All experiments were conducted under conditions of dryness using aluminum alloy (A03330) as workpiece material with size of 60 mm length and 30 mm diameter using HSS and tungsten carbide tools each having a nose radius of 0.5 mm. Series of experiments in turning aluminum alloy with the two cutting tools were carried out to study the tool effect on the workpiece surface roughness with cutting speed, feed rate and depth of cut as input parameters as shown in Table 1, Table 2 and Table 3. For every machining cutting condition, the machine was stopped and tool replaced with new one. Each turning was done for a period of ten minutes and maintaining a constant depth of cut before measuring the surface roughness of the workpiece. The surface roughness measurement was carried out at the Defence Industries Corporation of Nigeria (DICON) Kaduna using a surface roughness tester (SR- 16 surface roughness tester - model number 1510090001). The surface roughness values were calculated by finding the average of three roughness values which were obtained along the length of workpiece from three different points of machined (workpiece) surface.

Table 3. Machining cutting conditions (Experiment 3)

3. Results and Discussion

The results obtained for surface roughness with high speed steel tool (H) and tungsten carbide tool (T) at different speeds for the three feed rates and constant depth of cut of 1.0 mm are shown in Table 4, Table 5 and Table 6.

Table 4. Results of surface roughness values obtained for Experiment 1

The results obtained for experiment 1, shows that the surface roughness values were in the range of 0.61- 1.20 µm for HSS tool and 1.98-2.81µm for tungsten carbide tool. The surface roughness values for the two cutting tools were observed to be decreasing as the cutting speed increases. However, HSS tool show lower values of surface roughness compared with the tungsten carbide tool.

Figure 2. Surface roughness against cutting speed at feed rate of 0.2 mm/rev

Figure 2 depicts the surface roughness against the various cutting speeds at feed rate of 0.2 mm/rev and depth of cut of 1.0 m during turning of aluminium alloy with high speed steel and tungsten carbide tools. It was observed that for both cutting tools, similar pattern for surface roughness was obtained under the same turning conditions. However, the surface roughness of the tungsten carbide cutting tool gradually decreases when the cutting speed increased to 450 m/min and then decreases again from the 500 m/min until it finally reaches minimum value as the cutting speed increases to the maximum of 600m/min. The high speed steel (H) cutting tool also display similar behaviour as its surface roughness values gradually decreases when the speed increased to 500 m/min. Minimum surface roughness value was attained when the cutting speed increases to 600 m/min.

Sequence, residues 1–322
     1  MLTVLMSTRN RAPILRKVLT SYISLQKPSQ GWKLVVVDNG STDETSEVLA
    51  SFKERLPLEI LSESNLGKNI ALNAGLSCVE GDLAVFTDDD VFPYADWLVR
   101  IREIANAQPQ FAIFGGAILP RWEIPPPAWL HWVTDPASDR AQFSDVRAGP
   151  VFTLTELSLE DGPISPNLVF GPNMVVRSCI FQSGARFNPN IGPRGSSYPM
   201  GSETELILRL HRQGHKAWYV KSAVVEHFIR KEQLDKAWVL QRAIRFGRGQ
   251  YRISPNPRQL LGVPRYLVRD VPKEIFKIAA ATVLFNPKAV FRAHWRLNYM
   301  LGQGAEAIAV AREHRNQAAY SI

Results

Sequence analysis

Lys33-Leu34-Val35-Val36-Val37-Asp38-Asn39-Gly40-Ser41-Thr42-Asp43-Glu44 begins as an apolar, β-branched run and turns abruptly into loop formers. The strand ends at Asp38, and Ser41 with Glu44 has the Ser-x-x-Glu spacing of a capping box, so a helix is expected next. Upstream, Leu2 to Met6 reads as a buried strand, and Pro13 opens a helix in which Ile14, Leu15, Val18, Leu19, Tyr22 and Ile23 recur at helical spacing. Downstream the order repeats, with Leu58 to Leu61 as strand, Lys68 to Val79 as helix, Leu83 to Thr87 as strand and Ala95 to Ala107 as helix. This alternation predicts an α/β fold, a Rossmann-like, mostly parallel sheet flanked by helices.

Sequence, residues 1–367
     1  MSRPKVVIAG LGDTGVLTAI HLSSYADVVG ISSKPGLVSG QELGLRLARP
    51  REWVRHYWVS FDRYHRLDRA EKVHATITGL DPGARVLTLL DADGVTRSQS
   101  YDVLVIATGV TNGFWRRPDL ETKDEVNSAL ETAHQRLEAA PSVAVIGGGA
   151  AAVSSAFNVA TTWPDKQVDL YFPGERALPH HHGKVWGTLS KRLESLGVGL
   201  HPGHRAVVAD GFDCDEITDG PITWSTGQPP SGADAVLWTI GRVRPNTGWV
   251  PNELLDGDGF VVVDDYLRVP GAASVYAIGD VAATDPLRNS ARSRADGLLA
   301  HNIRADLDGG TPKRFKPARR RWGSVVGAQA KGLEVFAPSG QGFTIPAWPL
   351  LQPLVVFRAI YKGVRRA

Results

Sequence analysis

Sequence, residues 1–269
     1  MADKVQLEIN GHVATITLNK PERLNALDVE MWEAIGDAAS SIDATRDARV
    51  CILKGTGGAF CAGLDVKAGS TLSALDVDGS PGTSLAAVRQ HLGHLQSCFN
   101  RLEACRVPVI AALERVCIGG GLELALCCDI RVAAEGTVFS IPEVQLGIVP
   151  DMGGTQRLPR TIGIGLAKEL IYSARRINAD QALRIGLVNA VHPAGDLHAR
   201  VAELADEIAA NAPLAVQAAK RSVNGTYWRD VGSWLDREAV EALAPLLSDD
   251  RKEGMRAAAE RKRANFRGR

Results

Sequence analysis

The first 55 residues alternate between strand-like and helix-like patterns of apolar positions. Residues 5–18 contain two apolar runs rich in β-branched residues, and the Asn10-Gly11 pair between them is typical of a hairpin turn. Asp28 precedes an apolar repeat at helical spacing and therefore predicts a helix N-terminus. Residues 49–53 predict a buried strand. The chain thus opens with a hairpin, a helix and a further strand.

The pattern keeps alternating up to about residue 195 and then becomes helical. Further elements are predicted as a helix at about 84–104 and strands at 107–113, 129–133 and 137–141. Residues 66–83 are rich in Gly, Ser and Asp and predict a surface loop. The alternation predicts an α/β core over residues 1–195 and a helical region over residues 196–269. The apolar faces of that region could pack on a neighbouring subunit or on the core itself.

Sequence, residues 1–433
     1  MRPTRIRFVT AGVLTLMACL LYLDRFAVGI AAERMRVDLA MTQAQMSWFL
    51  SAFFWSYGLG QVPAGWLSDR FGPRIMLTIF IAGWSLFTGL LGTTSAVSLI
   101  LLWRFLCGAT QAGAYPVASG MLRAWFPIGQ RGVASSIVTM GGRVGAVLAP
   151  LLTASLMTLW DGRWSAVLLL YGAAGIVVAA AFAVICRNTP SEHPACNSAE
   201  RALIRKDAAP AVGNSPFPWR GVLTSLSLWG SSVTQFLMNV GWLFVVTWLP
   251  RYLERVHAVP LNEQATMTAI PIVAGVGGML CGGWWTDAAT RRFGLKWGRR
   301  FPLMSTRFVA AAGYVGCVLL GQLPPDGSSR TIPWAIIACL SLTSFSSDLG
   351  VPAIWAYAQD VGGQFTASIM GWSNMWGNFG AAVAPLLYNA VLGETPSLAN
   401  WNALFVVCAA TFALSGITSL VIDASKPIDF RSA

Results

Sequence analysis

The results obtained from experiment 2 as tabulated in Table 5, show the surface roughness values to be in the range of 0.73- 1.56µm for high speed steel (H) and 2.20-3.52µm for tungsten carbide tool. Similar pattern of results were observed for experiment 2 when compared with experiment 1. However, the surface roughness values for the two cutting tools were higher in experiment 2 which used feed rate of 0.4 mm/rev as compared with experiment 1 which used 0.2 mm/rev feed rate.

Table 5. Results of surface roughness values obtained for Experiment 2

Figure 3 indicates a sudden decrease in the surface roughness of tungsten carbide tool for cutting speed of 550 m/min and a feed rate of 0.40 mm/rev and the minimum surface roughness value was obtained at cutting speed of 600 m/min. Similar behaviour was observed for the values of surface roughness when HSS tool was used under the same cutting conditions.

Figure 3. Surface roughness against cutting speed at 0.4mm/rev feed rate

Table 6 show the results obtained for experiment 3. It is observed that surface roughness values decreases as cutting speed increases as reported in the first two experiments.

Table 6. Results of surface roughness values obtained for Experiment 3

Figure 4 shows the surface roughness against the various cutting speed at a feed rate of 0.6mm/rev and constant depth of cut of 1.0 mm using the two cutting tools. The pattern of surface roughness values obtained is similar to the previous two experiments. The difference observed was that, when using the tungsten carbide tool, as the cutting speed increased from 300 m/min to 600 m/min there was consistent constant decrease in the surface roughness. But for HSS tool, the decreased was not consistent.

Figure 4. Surface roughness against cutting speed at 0.6mm/rev feed rate

4. Conclusion

In this study, the following conclusions can be drawn from the experimental results

1. The effect of cutting tools and cutting parameters indicates that a significant difference exist among cutting tools. HSS and tungsten carbide tools under similar conditions of cutting conditions gave different surface roughness values. However, feed rate and cutting speed are the two cutting parameters that significantly affect surface roughness. For constant feed rate and depth of cut, it was observed that better surface roughness was obtained with increase in cutting speed.

2. The surface roughness values obtained with HSS tools are less than tungsten carbide tool under the same cutting conditions. Hence, it can be deduced that surface roughness value is tool material type dependent.